Photo: Cracticus tibicen – Mr Photogenic

As with a number of other birds in Australia, it’s currently mating season for Australian magpies (Cracticus tibicen). I’ve been swooped a number of times already (even double teamed by a pair – a new experience), which is normal behaviour when they have eggs or young in the nest.

That being said, they can be pretty sociable as well. (Unless you’re a cyclist.)

Cracticus tibicen (2011)

I’m going to put it out there, that this is a male; the deliniation between the stark white back and the black feathers being well-defined, without a dirty white or grey feather in sight.

Trying to work out the subspecies is the difficult part. Distribution of C. tibicen telonocua, to the west, isn’t supposed to reach Adelaide. Although our little friend here looks a lot like one, and there are intermediaries in the area (growing up as a child, I lived where C. tibicen telonocua is distributed – they’re what seems ‘normal’ to me) . Conversely, the white back doesn’t descend far enough for it to be C. tibicen tyrannica, a subspecies distributed to the east – starting south-east of Adelaide in the Coorong, and spreading further east through southern Victoria before eventually reaching the southern end of the east coast.

Maybe Melbournites will notice that the white feathers on the back seem to finish a little high.

At a guess, I’m going to go with an intermediary somewhere between the two, m0re telonocua than tyrannica. Of course, if you were wanting something definite, then I’m afraid you’d have to go elsewhere. (I don’t know anything about the population genetics of the Australian magpie, and my understanding of the taxonomy going on between currently recognised  subspecies borders on the non-existent).

An enjoyable little encounter all the same. He didn’t seem to mind my walking up within a foot of him, and the little fella strikes a nice pose.

~ Bruce

Advertisements

Photo: Dutton Bay Jetty

If there’s anything I hold as a single sacred site, this spot has got to be an easy contender for the title.

dutton_bay

Dutton Bay Jetty (2003)

It’s a beautiful little spot, and a few, but as yet not quite too many sea changers have moved in with new abodes in the area.

It also has a lot of significance to my family. When my Dad was four years old, he jumped off of it and was lucky to be helped by a fisherman who happened to be there. My Dad ended up working for the Department of Marine and Harbors in the late 70s and early 80s, fixing jetties up the west coast of South Australia.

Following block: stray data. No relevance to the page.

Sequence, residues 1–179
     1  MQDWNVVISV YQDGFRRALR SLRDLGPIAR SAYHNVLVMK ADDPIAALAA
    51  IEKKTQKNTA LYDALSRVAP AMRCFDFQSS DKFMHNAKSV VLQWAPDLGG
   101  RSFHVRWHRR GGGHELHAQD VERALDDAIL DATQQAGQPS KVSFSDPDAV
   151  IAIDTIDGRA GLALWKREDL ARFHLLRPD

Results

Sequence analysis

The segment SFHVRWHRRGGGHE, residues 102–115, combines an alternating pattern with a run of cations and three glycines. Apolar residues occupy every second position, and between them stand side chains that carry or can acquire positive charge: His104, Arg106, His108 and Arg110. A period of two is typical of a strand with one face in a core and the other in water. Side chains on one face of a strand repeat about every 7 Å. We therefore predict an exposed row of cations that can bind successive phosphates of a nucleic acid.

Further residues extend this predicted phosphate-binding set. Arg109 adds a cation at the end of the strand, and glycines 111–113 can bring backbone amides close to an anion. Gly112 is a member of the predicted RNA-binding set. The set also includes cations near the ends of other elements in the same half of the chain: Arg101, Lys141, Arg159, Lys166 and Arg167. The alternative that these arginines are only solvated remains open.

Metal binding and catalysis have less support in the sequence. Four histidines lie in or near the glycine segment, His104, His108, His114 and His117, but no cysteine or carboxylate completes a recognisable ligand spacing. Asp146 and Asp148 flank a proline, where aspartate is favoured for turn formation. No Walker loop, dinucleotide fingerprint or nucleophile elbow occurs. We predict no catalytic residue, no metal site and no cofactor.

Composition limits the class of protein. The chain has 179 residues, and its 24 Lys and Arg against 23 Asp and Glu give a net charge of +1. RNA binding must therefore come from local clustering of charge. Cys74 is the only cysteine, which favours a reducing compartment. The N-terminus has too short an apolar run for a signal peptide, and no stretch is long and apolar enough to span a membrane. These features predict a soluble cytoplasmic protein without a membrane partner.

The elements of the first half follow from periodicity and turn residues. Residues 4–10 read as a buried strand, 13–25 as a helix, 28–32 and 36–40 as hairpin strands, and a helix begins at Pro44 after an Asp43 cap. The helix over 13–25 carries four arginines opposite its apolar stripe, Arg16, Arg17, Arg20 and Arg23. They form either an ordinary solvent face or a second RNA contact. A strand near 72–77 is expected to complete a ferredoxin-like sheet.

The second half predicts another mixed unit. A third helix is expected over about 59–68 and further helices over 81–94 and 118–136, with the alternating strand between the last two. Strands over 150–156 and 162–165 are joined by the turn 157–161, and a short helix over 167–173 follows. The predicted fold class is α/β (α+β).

Dad was an excellent diver.

He and his siblings grew up in the area, and for the first few years of my life, so did I. I spent a bit of time in these waters as a little one myself.

The photo was taken in 2003, out back from Cliff Dobbins’ home. Cliff was a long time friend of the family and in the 80s was president of the Marble Range football club that my Dad trained under-17s for in the 70s. Sadly, both Cliff and his wife passed away only weeks after this photo was taken, surviving my father by only a few months.

2003 was a bad year for the family – my Grandmother on my Mother’s side also passing away in December.

About four months after the photo was taken, my Father’s ashes were spread from the Dutton Bay Jetty to join with those of an Uncle who’s ashes were also spread there.

My father, like his father before him, were fishermen in the area. But they were also custodians, not afraid to enter conflict with other fishermen who didn’t have the proper respect for the environment by over fishing or polluting the water and it seems fitting that my Father has been returned to the ecosystem that he grew up in.

Aside from the history my family has with the locale, going for a walk along the beach or down the jetty always precipitates contemplation, so I thought that it would make and appropriate title bar for a contemplative blog.

Before he passed away, Dad told my cousin that he’d protect her from sharks if she went for a swim here. I rather suspect that he was being poetic, but all the same I’d rather go for a swim here than other areas around the southern Eyre Peninsula. It’s a sheltered little bay and is a comforting distance from the tuna nets in Port Lincoln.

If you are ever in the area, be sure to get out of the car and have yourselves a stroll. There is a bed and breakfast by the jetty and The Woolshed museum is worth a look-in as well. 😉

~ Bruce